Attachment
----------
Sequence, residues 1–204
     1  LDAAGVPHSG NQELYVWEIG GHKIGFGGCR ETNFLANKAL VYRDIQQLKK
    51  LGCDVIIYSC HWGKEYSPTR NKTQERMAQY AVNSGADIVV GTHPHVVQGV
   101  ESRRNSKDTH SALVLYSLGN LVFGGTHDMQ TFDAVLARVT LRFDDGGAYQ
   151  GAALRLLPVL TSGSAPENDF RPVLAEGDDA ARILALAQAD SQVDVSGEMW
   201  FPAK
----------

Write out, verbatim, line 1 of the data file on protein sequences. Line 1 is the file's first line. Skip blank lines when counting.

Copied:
Sequence, residues 1–204